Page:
What You Should Know About Oil and Gas Today
The Big Story
Well, it hasn’t become a real big story yet, and hopefully it won’t, but everyone needs to note the news coming out of Beijing, China, of a new outbreak of COVID-19 taking place there. Bloomberg reports this morning that city officials have now shut down schools in their efforts to contain the outbreak.
“China’s shuttering of Beijing’s schools is a significant setback to the country’s recovery from the Covid-19 virus, and it could be a real blow to the petroleum demand recovery outlook, which had been improving,” said John Kilduff, a partner at Again Capital LLC.
Thanks to the dramatic increase in U.S. oil production in the last decade, China now ranks as the largest importer of crude on the planet. Beijing, a thriving, industrialized city of more than 21 million, creates a great deal of that country’s oil demand. Obviously, a lockdown of that city and the area surrounding it would create some upheaval in oil markets.
So, not a huge deal yet if officials are able to contain the outbreak without resorting to lockdown measures like those seen in Wuhan Province early this year, but definitely a situation that merits monitoring.
Let’s move onto the next Big Story…
The Texas Railroad Commission held a hearing on the long-lingering issue of flaring of natural gas on Tuesday. Commissioners heard from three panels: One made up of representatives of the environmental community, one made up of producers and one made up of industry trade associations.
Speaking on behalf of the Environmental Defense Fund (EDF), Colin Leyden, Director, Regulatory and Legislative Affairs, said, “Operators in this state have sent a trillion cubic feet of natural gas up in smoke since 2013, enough to meet the yearly needs of every home in Texas three times over. The unnecessary waste and pollution from routine flaring is an affront to the values we all hold true. That’s why you hear everyone from mineral owners, investors and environmentalists, to oil and gas companies themselves, calling for an end to flaring. The commission should listen to these calls and set a firm goal for an end to routine flaring by 2025.”
As reported by the Midland Reporter Telegram, Stephanie Reed, senior vice president, corporate development, land and midstream with Parsley Energy, said her company’s success in reducing flaring was not by accident. Reducing routine flaring requires long-term planning, including investing millions in takeaway infrastructure. The company sets corporate goals and ties compensation to meeting those goals, she said. Parsley has also created more transparency around its flaring volumes both internally and externally. Daily reports issued companywide detail flaring events, what led to those events and what plans are in place to ensure such events don’t happen again, she said.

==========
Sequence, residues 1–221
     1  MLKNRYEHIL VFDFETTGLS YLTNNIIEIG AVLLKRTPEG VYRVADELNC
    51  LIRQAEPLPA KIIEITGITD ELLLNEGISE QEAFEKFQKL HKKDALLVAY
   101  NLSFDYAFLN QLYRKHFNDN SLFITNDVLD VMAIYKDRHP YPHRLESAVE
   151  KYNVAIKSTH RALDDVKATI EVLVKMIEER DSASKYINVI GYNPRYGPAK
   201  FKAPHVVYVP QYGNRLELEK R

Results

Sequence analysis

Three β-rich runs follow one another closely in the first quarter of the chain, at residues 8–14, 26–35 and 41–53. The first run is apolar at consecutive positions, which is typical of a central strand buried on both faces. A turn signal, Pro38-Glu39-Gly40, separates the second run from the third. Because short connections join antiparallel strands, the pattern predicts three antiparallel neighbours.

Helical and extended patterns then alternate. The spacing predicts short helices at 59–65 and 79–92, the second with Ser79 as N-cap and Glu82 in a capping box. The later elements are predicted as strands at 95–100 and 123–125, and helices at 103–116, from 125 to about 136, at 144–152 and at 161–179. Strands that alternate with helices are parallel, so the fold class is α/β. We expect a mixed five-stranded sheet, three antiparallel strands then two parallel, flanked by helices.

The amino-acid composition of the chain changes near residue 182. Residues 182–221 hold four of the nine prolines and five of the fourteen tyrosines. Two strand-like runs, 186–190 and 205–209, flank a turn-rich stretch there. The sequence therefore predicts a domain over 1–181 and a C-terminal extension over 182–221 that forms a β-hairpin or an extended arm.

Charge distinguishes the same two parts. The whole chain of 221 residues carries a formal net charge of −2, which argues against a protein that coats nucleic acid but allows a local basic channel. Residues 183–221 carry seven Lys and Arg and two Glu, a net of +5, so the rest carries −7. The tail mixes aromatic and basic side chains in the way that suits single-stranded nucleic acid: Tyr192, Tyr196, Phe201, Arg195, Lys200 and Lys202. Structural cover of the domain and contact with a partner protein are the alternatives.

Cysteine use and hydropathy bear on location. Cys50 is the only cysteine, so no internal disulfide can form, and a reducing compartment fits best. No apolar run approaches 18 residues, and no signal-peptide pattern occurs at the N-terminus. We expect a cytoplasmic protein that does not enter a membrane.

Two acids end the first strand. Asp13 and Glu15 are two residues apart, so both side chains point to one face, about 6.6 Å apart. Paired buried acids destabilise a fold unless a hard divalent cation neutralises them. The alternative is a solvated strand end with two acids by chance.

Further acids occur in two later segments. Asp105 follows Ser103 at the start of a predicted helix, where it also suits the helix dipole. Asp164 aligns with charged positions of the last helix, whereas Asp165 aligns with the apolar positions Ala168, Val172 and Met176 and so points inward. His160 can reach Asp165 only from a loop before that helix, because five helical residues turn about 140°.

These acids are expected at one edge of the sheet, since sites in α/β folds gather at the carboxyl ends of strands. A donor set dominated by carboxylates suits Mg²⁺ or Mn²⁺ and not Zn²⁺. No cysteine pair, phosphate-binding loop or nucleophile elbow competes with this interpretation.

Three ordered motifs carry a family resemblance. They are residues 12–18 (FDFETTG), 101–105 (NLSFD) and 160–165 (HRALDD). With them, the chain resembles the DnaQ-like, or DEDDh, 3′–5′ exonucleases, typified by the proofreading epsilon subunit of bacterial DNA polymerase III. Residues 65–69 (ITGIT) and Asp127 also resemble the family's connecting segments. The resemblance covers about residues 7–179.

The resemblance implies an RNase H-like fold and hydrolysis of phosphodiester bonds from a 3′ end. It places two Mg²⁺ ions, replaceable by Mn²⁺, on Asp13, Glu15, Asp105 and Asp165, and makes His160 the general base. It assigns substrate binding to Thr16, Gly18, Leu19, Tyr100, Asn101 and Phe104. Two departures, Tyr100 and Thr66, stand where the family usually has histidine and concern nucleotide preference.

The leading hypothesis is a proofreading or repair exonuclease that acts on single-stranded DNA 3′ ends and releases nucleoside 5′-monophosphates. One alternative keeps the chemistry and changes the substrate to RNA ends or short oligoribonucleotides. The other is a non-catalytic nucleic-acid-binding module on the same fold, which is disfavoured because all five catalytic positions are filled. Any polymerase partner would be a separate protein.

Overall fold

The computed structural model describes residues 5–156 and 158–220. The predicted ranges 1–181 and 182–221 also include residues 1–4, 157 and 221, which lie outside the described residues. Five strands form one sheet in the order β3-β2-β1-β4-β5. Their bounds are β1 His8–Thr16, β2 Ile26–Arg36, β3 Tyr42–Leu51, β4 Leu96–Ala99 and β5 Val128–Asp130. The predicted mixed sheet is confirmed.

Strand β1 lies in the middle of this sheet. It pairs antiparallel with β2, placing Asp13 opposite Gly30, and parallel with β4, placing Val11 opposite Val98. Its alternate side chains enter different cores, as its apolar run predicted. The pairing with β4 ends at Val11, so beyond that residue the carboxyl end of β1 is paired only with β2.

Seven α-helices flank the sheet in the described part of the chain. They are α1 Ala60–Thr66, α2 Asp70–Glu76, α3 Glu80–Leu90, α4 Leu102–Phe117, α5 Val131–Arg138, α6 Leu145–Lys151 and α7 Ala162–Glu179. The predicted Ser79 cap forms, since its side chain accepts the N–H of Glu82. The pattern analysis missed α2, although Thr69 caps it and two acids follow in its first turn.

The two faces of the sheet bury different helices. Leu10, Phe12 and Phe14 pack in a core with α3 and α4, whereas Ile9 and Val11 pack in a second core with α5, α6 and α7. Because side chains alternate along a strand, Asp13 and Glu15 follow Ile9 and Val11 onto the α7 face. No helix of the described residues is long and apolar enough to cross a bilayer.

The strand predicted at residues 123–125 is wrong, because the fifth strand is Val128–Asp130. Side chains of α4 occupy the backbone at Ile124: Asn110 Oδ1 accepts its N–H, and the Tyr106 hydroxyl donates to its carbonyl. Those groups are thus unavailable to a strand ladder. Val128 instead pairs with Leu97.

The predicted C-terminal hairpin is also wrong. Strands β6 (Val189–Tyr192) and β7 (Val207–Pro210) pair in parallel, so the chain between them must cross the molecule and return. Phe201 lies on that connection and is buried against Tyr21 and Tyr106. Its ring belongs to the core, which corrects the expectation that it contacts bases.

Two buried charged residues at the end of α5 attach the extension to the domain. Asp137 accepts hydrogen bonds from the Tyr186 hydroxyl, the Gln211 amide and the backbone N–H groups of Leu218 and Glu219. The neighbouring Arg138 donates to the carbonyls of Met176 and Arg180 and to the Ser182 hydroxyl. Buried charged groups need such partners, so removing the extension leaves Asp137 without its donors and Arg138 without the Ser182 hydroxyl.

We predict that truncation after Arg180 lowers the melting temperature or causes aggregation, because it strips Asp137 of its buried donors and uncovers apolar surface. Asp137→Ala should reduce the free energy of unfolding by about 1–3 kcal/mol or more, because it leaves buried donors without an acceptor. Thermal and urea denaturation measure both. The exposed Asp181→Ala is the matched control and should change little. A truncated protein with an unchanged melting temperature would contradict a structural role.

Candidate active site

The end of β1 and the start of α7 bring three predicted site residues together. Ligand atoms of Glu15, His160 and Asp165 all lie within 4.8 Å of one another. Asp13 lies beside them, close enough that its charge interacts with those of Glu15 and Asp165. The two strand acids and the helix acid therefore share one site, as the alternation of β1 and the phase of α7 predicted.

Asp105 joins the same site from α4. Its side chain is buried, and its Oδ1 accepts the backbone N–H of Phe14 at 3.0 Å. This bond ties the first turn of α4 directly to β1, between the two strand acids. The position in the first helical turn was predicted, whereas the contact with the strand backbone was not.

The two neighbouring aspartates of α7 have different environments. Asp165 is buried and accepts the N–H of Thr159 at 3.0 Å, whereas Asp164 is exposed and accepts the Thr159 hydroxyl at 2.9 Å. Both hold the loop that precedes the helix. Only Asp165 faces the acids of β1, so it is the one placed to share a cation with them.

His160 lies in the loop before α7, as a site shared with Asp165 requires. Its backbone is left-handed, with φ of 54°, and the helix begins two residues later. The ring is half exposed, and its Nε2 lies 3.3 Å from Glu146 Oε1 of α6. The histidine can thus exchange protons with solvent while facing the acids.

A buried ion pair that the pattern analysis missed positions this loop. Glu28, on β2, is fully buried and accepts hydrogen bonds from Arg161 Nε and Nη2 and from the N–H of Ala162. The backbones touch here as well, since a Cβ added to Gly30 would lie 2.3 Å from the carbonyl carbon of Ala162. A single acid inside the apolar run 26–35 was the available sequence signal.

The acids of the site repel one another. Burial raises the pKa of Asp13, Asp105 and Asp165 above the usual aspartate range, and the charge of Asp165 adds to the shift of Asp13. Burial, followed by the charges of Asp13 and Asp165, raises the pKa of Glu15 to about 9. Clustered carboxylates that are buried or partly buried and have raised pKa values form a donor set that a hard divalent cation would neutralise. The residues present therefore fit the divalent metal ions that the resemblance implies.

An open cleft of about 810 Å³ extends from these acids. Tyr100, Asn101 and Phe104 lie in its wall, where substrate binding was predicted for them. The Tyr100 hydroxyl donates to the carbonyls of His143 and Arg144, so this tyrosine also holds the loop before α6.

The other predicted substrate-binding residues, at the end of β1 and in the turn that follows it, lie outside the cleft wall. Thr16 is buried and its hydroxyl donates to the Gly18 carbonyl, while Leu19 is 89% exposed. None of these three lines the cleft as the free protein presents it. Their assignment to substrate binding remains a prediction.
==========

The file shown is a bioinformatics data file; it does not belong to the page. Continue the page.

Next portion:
Ben Shepperd, president of the Permian Basin Petroleum Association (PBPA), pointed out the fact that $4.5 billion in pipelines are expected to come into service over the next year, which will help reduce flaring as more wells are hooked up to pipeline infrastructure. “We did not get here overnight,” he said. “Over 10 years, production in the Permian Basin has more than quadrupled, and infrastructure has been strained under that growth.” Shepperd added that PBPA “believes economics and environmental stewardship can go hand-in-hand. This set of recommendations is the first step in changing the culture in the industry with regards to flaring.”
The Commission adjourned without taking any action on the matter, which has become a major issue in every U.S. shale play over the past 20 years without the industry and regulators being able to come up with any real solutions to the problem.
In other news…
One day after British major BP announced it would be taking a $17 billion asset write-down, Reuters reports that French service company giant Schlumberger plans to book a $1.4 billion charge to its earnings to account for an accelerated restructuring plan. Speaking at an industry conference, Chief Executive Officer Olivier Le Peuch also outlined the company’s plans to create a New Energy group that will “focus on marketing low-carbon or carbon-neutral technology.”
Chesapeake Watch: More stories out today predicting that the troubled company will file for bankruptcy as soon as this week, but no filing yet.
ConocoPhillips told reporters yesterday that it now plans to resume normal production levels in its Alaska operations in July. spokeswoman Natalie Lowman, said the company began cutting production in late May as a part of plans to cut production by about 100,000 barrels a day through the end of June. The decision to cut production was made due to “…unacceptably low oil prices resulting from global oil demand destruction caused by the impacts of the COVID-19 pandemic, combined with a global oversupply of oil.”
Meanwhile, in New Mexico, the Carlsbad Current Argus has a report headlined “New Mexico Democrat primary winners seek transition away from oil and gas.”
Democrat Pam Cordova, a candidate for the state senate, said, “I know we are dependent on oil and gas, but I also believe we can gradually move to renewable energy and responsibly away from oil and gas which is detrimental to our environment. Right now, we are in a bust. That’s why it’s important the legislature come up with a plan.”
Plans are great, but reality says you have to pay the bills. In New Mexico today, that is what the oil and gas industry is doing. Hard to see what kind of a plan is going to magically come up with a way for windmills and solar panels – currently pretty much un-taxed by the New Mexico and other state governments – to make up for the loss of all that revenue.
But hey, it’s a lot more politically expedient in today’s America to advocate fantasy-based energy policies than those based in reality.
That’s all for today.